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Old Jul 20, 2009, 3:28 PM   #1
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Default Filter / Circular Polarizing

How often do you use a Circular Polarizing Filter and under what circumstances do you use it?
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Old Jul 20, 2009, 4:18 PM   #2
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A CP has two primary purposes:
1) cuts down on reflections (shooting through glass, shooting cars, etc)

2) Deepens blue of the sky, add's punch/contrast to clouds. If you have polarized sunglasses you can see the effect. The 'circular' part allows you to control the degree of the effect. But the effect also depends on the angle of the sun/time of day. At highest sun on many days you wouldn't see the effect.

It really is like putting sunglasses on your lens - you lose a couple stops of light so it can be used for those purposes too (i.e. overly bright and you still want to use wide apertures).
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Old Jul 23, 2009, 9:24 PM   #3
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The “circular” part has nothing to do with the effect. A circular polarizer has a quarter wave plate (another filter layer) behind the polarizing layer to keep from confusing beam-splitter focus and metering systems. Non-DSLR cameras work just as well with a cheaper linear polarizer, as do some DSLRs that don’t use beam-splitters.

I think John is thinking in terms of a “rotating” polarizer which does control the effect.
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Old Jul 24, 2009, 5:51 AM   #4
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Every circular polarizer I've seen rotates. I've never seen marketing for a 'rotating' polarizer. For example, here is the description for a b+W circular polarizer:
http://www.bhphotovideo.com/c/produc....html#features

Note - the name doesn't say "rotating polarizer" - it says "circular polarizer"

And a quick look at Hoya's website lists 2 types of filters: Linear and Circular. Again, no third category of "rotating".

But I do see your point about 'circular' - the circular itself doesn't control the affect.

Last edited by JohnG; Jul 24, 2009 at 8:13 AM.
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Old Jul 24, 2009, 8:54 PM   #5
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All polarizing filters, AFAIK, are made to rotate, in order to control the polarity of the light entering the camera. Stacking two of them and adjusting the rotation of one, will give you a variable density filter up to nearly black, if you want reallllllly long shutter times. (this works with two linear, or two circular polarizers, but I'm not sure of the effect if you mix types)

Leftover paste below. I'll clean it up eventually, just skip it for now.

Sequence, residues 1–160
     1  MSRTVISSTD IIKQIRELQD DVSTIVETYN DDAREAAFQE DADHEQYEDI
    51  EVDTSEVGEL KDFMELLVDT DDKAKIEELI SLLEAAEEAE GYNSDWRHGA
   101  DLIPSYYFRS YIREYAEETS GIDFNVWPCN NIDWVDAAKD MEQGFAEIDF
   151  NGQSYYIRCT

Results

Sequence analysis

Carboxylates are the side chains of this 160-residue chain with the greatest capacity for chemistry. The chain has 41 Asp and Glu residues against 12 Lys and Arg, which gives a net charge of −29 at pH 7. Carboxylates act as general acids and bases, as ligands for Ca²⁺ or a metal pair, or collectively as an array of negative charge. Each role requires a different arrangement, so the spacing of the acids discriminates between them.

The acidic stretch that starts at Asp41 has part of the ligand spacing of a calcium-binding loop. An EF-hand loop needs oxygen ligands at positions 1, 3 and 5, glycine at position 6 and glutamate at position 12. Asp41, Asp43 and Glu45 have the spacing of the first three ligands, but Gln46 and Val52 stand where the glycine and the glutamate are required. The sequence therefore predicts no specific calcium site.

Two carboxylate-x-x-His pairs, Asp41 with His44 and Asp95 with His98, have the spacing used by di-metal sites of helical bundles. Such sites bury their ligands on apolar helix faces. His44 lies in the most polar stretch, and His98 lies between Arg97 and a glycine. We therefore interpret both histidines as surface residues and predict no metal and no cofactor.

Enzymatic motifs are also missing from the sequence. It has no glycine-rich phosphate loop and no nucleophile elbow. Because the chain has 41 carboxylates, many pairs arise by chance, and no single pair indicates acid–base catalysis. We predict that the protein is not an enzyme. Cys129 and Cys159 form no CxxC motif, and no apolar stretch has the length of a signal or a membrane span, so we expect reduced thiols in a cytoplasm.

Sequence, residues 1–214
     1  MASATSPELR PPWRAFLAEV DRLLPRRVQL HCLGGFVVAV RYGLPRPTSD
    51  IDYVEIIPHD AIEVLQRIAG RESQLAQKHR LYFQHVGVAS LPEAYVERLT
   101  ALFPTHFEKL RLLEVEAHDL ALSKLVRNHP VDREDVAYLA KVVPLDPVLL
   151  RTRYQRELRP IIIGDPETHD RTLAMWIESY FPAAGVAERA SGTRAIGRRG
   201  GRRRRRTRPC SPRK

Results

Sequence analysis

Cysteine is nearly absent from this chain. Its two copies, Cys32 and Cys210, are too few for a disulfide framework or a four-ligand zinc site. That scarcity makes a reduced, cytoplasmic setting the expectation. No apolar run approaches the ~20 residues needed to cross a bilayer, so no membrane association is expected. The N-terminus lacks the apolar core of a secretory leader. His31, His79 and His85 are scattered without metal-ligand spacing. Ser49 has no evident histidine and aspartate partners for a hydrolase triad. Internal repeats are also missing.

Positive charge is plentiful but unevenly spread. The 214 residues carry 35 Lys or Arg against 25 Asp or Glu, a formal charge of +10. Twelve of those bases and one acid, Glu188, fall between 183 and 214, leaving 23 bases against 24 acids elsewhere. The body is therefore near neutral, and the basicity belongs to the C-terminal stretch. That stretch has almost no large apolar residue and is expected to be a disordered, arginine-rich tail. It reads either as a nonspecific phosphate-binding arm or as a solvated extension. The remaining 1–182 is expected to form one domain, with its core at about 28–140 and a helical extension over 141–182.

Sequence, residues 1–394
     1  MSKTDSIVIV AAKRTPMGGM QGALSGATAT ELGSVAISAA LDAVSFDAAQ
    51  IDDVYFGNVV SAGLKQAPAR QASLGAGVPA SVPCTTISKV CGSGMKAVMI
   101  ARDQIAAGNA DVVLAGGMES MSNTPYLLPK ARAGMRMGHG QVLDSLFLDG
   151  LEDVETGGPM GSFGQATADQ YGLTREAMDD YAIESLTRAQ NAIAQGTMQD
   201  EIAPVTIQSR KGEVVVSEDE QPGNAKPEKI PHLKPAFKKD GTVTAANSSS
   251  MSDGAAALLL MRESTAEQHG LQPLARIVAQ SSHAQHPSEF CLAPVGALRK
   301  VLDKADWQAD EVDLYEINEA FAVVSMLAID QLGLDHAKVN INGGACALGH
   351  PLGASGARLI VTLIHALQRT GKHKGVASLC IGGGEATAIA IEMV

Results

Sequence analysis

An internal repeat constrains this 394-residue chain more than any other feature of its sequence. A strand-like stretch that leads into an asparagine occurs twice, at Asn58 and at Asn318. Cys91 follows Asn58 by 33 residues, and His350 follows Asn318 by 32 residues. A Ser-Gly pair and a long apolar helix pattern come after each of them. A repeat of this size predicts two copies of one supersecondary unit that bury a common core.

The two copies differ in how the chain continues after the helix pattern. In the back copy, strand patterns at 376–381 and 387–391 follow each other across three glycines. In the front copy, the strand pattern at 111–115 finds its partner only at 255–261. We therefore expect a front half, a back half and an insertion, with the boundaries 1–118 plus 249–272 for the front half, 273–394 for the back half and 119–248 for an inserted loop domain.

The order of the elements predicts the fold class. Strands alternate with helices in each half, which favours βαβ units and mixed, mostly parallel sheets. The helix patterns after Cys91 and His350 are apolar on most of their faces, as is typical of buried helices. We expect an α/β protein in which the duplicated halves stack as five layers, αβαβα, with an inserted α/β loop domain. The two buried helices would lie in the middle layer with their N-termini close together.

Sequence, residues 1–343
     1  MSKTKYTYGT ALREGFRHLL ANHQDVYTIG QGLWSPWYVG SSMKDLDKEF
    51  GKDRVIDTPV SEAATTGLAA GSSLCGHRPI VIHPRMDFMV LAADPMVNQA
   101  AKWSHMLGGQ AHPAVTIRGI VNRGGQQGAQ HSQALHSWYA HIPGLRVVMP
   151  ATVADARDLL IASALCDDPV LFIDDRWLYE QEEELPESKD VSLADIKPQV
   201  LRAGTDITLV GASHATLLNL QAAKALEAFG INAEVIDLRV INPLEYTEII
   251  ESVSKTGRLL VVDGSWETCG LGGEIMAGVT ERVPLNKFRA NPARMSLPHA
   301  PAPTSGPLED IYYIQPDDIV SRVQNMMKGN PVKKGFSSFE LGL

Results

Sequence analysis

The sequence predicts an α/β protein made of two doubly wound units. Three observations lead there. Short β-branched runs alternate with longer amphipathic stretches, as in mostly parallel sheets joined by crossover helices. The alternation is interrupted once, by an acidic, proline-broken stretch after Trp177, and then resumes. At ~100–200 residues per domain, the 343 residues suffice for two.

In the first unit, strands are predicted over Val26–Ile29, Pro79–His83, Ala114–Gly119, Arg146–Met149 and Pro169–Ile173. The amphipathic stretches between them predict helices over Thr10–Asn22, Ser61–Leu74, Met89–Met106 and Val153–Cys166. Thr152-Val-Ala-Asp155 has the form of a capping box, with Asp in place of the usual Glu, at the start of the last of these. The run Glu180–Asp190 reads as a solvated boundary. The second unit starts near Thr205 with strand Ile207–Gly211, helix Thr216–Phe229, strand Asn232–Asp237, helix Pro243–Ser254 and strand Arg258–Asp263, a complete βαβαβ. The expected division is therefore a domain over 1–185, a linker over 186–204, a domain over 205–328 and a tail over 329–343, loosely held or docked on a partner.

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Old Jul 28, 2009, 1:37 PM   #6
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Quote:
Originally Posted by JohnG View Post
Every circular polarizer I've seen rotates. I've never seen marketing for a 'rotating' polarizer. For example, here is the description for a b+W circular polarizer:
http://www.bhphotovideo.com/c/produc....html#features

Note - the name doesn't say "rotating polarizer" - it says "circular polarizer"

And a quick look at Hoya's website lists 2 types of filters: Linear and Circular. Again, no third category of "rotating".

But I do see your point about 'circular' - the circular itself doesn't control the affect.
I was just trying to be nice and blunt the obvious criticism that the statement “The 'circular' part allows you to control the degree of the effect” is in error. I obviously know that polarizers rotate and don’t appreciate your deflecting the ignorance of your statement my way. I never said there was such a thing as a rotating polarizer as opposed to a non-rotating one. I said I thought maybe you confused "circular" with "rotating" as a means of effect control.


Brian Believe it on not, way back in film days I ordered a polarizer from Spiratone (remember them) that was a simple filter with no way to rotate it other than unscrew it. The useless thing is probably still with my antique camera gear somewhere. I never looked in the ad to see that it rotated as I assumed as you do that all polarizers must rotate.
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